To add to my mother’s increasing woes, my brother John was suddenly arrested one evening without warning.  His job was a source of income for our family. We were now left totally destitute. My mother in desperation would go to the railroad yards and sop up spilled oil with rags.  She would then wring out the oil from the rags into buckets and sell the buckets. She also used it as heating oil for us. This was an incredibly difficult time for us. We became intimately acquainted with hunger and cold.  When we had absolutely nothing to eat, my mother would go to the local brewery and there beg for the mash that they discarded as pig feed. She would again go to the railroad yards and scratch for the spilled flour in the dirt.  She would then combine this flour with the mash and so bake a sort of bread with these ingredients. It was very difficult to swallow this sort of food. We would soften it with our saliva and swallow it whole. We couldn’t chew it because of the dirt.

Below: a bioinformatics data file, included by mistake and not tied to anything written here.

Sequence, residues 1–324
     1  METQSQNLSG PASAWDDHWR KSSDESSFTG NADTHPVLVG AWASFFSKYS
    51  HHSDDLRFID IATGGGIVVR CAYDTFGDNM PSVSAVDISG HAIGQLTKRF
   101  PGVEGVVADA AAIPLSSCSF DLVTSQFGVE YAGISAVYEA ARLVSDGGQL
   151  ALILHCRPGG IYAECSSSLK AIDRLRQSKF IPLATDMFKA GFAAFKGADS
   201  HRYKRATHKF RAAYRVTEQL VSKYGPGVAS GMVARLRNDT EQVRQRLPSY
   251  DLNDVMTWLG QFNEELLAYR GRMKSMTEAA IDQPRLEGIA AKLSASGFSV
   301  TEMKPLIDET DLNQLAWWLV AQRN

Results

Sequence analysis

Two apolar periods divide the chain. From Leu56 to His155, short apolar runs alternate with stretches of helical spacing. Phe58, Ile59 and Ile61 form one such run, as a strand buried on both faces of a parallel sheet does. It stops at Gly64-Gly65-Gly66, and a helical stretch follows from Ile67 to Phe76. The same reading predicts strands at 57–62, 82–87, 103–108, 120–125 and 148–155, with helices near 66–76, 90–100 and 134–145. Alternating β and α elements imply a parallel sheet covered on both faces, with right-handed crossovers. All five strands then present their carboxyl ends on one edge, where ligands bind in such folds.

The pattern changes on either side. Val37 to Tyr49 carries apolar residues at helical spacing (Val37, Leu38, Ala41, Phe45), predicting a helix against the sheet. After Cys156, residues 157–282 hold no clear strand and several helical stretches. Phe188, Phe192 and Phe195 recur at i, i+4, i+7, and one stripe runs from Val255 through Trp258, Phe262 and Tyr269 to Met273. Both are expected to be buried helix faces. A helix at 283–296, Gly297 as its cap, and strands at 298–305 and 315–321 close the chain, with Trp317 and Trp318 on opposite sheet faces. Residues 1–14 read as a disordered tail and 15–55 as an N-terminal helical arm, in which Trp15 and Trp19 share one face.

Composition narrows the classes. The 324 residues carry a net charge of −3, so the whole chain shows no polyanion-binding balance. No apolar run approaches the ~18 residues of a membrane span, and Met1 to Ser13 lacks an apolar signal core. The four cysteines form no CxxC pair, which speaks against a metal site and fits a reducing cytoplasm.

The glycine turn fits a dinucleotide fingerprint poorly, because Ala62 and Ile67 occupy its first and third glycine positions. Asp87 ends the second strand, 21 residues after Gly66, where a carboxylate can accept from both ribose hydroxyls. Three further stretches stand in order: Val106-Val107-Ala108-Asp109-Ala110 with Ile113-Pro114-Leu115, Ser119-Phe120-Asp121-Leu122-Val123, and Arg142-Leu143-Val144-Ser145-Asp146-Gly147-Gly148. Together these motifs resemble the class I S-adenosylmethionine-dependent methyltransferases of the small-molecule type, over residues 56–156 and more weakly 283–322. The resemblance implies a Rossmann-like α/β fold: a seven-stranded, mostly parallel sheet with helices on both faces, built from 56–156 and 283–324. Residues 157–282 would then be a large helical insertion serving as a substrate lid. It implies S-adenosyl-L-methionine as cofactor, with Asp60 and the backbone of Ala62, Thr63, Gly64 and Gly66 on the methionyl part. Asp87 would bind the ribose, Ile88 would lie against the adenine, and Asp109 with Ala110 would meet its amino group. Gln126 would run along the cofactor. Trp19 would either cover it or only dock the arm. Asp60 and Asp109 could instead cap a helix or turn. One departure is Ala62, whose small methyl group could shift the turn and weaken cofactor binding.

As a result of our desperate situation, I came down with a serious case of pneumonia.  My fever rose to such a degree that I became delirious and my mother lost all hope that I would survive.  But eventually I did come out of my delirium and remember very clearly my mother and another woman standing over me.  My mother was crying and the other woman was comforting her. They gave me some soup and I began to improve. Eventually my health was slowly restored.  So the years 1931 and 1932 were especially difficult for us.

Since John was mentioned in this segment, I added the photo above of the surviving Bogdanoff’s in the 1980’s with their spouses. Uncle John is the one on the top right with the beard.